HOUSTON — After Game 7 of the World Series, Gerrit Cole at first didn’t bring the warm and fuzzy about his time with the Astros.
In fact, minutes after his team’s loss to the Nationals, the pending free agent already was describing that team in the past tense.
When an Astros public relations official asked him to address the group of reporters wanting to talk to him, he said, “I mean, I’m not employed,’’ according to the Houston Chronicle. “I’m not employed.”
Cole, sporting not an Astros cap but one with the logo of Boras Corp — founded and run by his agent, Scott Boras — eventually gave in. “All right,” he said, “as an affiliate of myself.”
He then answered questions amiably enough.
“A lot of good friendships,” Cole said of his two seasons with the Astros, in which he went 35-10 with a 2.68 ERA. “Learned a lot about pitching from my teammates, from my pitching coaches and staff, learned a lot more about the game from AJ Hinch, the Astros’ manager], and it was just a pleasure to play in the city of Houston.”
Cole, 29, is just about guaranteed to become one of the game’s highest-paid players. He is coming off one of the best seasons any player has ever had going into free agency — 20-5 with a 2.50 ERA, including 11-0 with a 1.51 ERA in his last 13 regular-season starts.
Cole, who rebounded from a loss in Game 1 — his first defeat since May 22 — with a seven-inning gem in Game 5, called the Astros “unique.”
“I’m going to have some friends from this clubhouse for the rest of my life,” he said. “You just don’t take situations like that for granted.”
But Houston is not among the favorites to land Cole for 2020 and beyond. Nor are the Yankees, who are interested in signing him but haven’t been as aggressive in dispensing big-money multiyear deals under Hal Steinbrenner as they were under George Steinbrenner.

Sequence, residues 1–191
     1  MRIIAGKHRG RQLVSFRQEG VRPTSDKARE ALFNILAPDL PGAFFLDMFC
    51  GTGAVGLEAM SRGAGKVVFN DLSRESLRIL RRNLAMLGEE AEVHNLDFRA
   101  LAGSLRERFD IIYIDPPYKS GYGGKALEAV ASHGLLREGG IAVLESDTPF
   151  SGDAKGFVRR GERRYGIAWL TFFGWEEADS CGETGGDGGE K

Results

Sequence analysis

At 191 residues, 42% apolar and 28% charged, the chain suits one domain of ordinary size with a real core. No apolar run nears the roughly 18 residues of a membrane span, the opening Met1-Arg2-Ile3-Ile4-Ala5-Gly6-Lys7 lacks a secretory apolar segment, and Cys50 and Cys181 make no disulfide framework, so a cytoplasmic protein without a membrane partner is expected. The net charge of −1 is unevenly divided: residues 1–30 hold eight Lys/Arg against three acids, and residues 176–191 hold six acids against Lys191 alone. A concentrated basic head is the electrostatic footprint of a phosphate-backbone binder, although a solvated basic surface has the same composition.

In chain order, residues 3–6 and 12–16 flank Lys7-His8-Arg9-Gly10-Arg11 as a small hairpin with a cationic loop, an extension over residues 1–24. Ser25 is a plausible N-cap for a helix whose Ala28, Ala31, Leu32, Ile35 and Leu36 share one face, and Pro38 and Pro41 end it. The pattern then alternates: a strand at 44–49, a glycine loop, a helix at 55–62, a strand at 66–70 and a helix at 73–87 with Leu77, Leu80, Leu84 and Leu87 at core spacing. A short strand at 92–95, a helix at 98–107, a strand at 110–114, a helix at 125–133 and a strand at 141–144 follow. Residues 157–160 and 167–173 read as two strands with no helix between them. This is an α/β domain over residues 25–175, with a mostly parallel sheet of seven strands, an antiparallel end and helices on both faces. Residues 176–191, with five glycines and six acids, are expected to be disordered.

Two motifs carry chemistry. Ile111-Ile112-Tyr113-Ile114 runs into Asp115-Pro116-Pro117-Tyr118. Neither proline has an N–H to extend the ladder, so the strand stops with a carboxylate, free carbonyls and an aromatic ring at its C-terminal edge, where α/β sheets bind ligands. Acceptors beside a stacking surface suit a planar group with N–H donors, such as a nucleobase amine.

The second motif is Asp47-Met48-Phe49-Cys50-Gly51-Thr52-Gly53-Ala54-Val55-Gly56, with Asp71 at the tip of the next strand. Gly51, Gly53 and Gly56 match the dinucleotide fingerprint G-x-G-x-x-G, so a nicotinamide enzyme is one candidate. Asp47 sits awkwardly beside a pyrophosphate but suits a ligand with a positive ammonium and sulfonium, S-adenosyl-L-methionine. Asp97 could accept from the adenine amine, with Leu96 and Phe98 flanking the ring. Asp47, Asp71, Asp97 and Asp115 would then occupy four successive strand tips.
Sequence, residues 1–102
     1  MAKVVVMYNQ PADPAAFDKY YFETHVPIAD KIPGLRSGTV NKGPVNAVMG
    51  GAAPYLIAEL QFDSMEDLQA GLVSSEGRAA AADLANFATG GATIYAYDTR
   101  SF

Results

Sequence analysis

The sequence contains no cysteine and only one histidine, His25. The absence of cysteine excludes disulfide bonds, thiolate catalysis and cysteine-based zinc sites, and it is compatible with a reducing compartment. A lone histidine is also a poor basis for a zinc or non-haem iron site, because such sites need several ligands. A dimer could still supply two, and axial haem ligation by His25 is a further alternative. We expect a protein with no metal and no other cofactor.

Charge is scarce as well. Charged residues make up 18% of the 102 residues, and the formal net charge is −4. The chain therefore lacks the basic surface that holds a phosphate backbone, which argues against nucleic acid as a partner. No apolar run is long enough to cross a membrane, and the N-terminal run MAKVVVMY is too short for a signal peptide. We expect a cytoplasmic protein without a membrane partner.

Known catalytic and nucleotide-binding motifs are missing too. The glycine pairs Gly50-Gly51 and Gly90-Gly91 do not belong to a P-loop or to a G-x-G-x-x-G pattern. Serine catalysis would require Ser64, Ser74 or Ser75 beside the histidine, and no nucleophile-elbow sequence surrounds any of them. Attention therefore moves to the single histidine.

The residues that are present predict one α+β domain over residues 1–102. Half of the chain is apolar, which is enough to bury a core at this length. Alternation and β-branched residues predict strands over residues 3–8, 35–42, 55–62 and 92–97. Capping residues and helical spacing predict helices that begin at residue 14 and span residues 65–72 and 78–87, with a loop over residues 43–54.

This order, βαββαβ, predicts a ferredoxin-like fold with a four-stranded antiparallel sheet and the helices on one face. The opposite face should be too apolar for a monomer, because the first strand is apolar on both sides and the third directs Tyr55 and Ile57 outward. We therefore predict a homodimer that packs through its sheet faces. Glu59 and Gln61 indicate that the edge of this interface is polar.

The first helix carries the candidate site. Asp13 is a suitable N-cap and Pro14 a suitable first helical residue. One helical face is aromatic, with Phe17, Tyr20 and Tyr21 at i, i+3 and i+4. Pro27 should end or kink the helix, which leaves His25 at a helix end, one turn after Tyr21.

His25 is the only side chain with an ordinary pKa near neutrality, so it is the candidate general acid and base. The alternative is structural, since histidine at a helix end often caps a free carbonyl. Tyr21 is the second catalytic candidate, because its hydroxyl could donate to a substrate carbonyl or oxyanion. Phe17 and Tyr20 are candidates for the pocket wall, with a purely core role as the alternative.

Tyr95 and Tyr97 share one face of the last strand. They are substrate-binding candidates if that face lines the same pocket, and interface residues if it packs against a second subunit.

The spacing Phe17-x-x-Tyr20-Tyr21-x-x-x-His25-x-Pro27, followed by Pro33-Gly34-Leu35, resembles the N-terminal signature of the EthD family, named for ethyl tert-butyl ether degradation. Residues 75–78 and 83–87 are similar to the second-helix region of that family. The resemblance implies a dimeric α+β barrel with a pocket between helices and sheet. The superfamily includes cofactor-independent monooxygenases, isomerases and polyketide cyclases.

It was people on the outside, still clinging to the days of The Boss, who unrelentingly predicted that Manny Machado would end up with the Yankees after the 2018 season ended. But from the start of free agency, they showed almost zero interest in the infielder, who ended up signing a 10-year, $300 million deal with the Padres in mid-February.
The Yankees, of course, have far more of a need for Cole (and starting pitching in general) than they did for Machado. They had some of their top talent evaluators in person at every one of Cole’s starts down the stretch.
They will be involved in his pursuit, but to what extent is not yet clear and might not be for a while. The baseball winter increasingly has become more marathon than sprint.
Though he grew up a Yankees fan, Cole was born in Newport Beach, California, just down the road from Angel Stadium, where he routinely attended games. Industry speculation throughout the postseason had the Angels — still reeling from the continued fallout over the death of pitcher Tyler Skaggs, desperate to change the story and already having hired Joe Maddon to manage — being green-lighted by owner Arte Moreno to spend big in free agency.
The nearby Dodgers, who have experienced nothing but October disappointment in recent years, also have the financial muscle and could strongly pursue Cole. The Phillies, with free-spending owner John Middleton, could be in play, and a “mystery” team (or two) is sure to crop up just because they always do at this time of year.
“I’m not sure I’ve had the time to really think about it other than Gerrit is one of my favorite players I’ve ever been around,” Hinch said, reflecting on Cole’s two seasons with Houston. “He’s meant a lot to this franchise.”
The top 10 free agent pitchers ranked by WAR:
Pitcher Age WAR
Gerrit Cole 29 7.4
Stephen Strasburg 31 5.7 — Can opt out of 4 years, $100 million remaining on contract.
Hyun-Jin Ryu 33 4.8
Zack Wheeler 30 4.7
Jake Odorizzi 30 4.3
Jose Quintana 31 3.3 — $11.5 million club option for 2020 ($1 million buyout).
Madison Bumgarner 30 3.2
Homer Bailey 34 2.9
Michael Pineda 30, 2.7
Yu Darvish 33, 2.6 — Can opt out of 4 years, $81 million remaining on contract.